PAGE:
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Phenotype Ties to Rare Variants Systematically Unearthed in UK Biobank Exomes

NEW YORK – A team from the Broad Institute, Massachusetts General Hospital, and other centers has turned to sequence data for individuals in the UK Biobank to assess rare variant associations with thousands of phenotypes, along with natural selection patterns tied to trait- or disease-related variants or genes.

"Genome-wide association studies have successfully discovered thousands of common variants associated with human diseases and traits, but the landscape of rare variations in human disease has not been explored at scale," co-first and corresponding author Konrad Karczewski, a medical and population genetics researcher with the Broad and Mass General, and his colleagues wrote in Cell Genomics on Monday.

They added that population biobank exomes "provide an opportunity to systematically evaluate the impact of rare coding variations across a wide range of phenotypes to discover genes and allelic series relevant to human health and disease."

The team is sharing the rare single-variant associations, gene-based association, and related summary statistics with other investigators through a publicly available "gene-biobank association summary statistics" (Genebass) browser framework hosted on the Google Cloud platform.

"Our web application features a unique layout and navigational scheme for rapidly browsing phenome-wide associations by integrating results across genes and variants," the authors explained. "Customizable controls, plots, and tables enable flexible filtering and visualization of phenotypes, genes, and variants of interest, results can be exported for downstream analyses, and variant associations across traits can be compared with inform pathways associated with complex traits and develop therapeutic hypotheses."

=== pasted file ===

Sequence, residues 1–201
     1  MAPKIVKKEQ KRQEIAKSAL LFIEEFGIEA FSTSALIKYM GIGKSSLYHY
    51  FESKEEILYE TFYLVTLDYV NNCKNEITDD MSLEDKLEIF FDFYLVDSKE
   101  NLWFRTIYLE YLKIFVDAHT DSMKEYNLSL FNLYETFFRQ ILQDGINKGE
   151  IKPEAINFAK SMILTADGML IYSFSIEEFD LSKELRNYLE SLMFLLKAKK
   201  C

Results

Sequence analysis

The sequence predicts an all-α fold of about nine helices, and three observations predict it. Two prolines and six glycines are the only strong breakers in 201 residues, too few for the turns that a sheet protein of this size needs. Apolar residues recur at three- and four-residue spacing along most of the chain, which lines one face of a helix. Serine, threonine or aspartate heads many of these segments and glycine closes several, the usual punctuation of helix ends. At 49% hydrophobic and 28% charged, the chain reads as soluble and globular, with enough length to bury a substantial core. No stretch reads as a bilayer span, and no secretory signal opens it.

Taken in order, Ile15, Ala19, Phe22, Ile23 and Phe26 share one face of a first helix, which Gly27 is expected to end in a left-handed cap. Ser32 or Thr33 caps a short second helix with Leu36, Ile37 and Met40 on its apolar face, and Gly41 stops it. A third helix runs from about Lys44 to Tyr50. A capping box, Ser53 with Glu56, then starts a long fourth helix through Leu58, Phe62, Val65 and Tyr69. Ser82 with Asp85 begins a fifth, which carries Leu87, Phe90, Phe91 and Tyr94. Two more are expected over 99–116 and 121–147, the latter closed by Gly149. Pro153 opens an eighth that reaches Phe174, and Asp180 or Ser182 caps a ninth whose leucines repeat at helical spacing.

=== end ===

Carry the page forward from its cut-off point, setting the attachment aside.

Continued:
Starting with protein-coding sequence data for 454,697 individuals sequenced through the UK Biobank Exome Sequencing Consortium, which includes UK Biobank investigators and eight biopharma firms, the team focused in on 450,953 high-quality exomes, including 394,841 sequences from individuals of European ancestry.

From nearly 23.9 million high-quality variants detected in the European ancestry exomes, the researchers turned to functional annotation clues to further narrow in on nearly 8.1 million variants and 75,767 variant groups across more than 19,400 human genes to search for associations with some 4,529 quantitative or binary traits or conditions. Each phenotype was represented by at least 200 individuals in the UK Biobank cohort considered, they noted.

With this strategy, the team tracked down tens of thousands of significant associations, including 18 single-variant associations, on average, for each phenotype of interest, along with an average of 1.7 group test associations per phenotype. In addition to known gene-based associations with traits related to cholesterol, bone density, red blood cell, and other measures, the analyses uncovered a group of white matter brain imaging-related variants with predicted loss-of-function effects on the SCRIB gene.

"To our knowledge, this gene has not been associated in previous genome-wide association studies, although it is a constrained gene … that shows evidence for neural tube defects in mice with ultra-rare occurrences in humans," the authors noted.

While the associations involving individual variants tended to be more significant, the investigators explained, the group analyses uncovered more than 2,200 phenotype associations that might have been missed by looking only at single variants in a given gene.

Likewise, they noted that relatively rare predicted loss of function variants played an outsized role in the associations identified by group testing, despite the preponderance of more common missense and synonymous variants making up individual phenotype associations.

From the large collection of phenotype associations, the team was able to start delving into still other variant features behind these associations — from allele frequency and natural selection patterns to gene function and apparent effect sizes.

The study's authors cautioned that the results represent individuals of European ancestry, or just a "slice of human genetic diversity," and noted that "expanding to additional ancestries has been shown to increase power and resolution for genetic discovery."

They further suggested that "[c]oncentrated efforts in building large biobanks with diverse participants will be required to overcome these limitations and provide more insight into the contribution of rare variants to common disease etiology."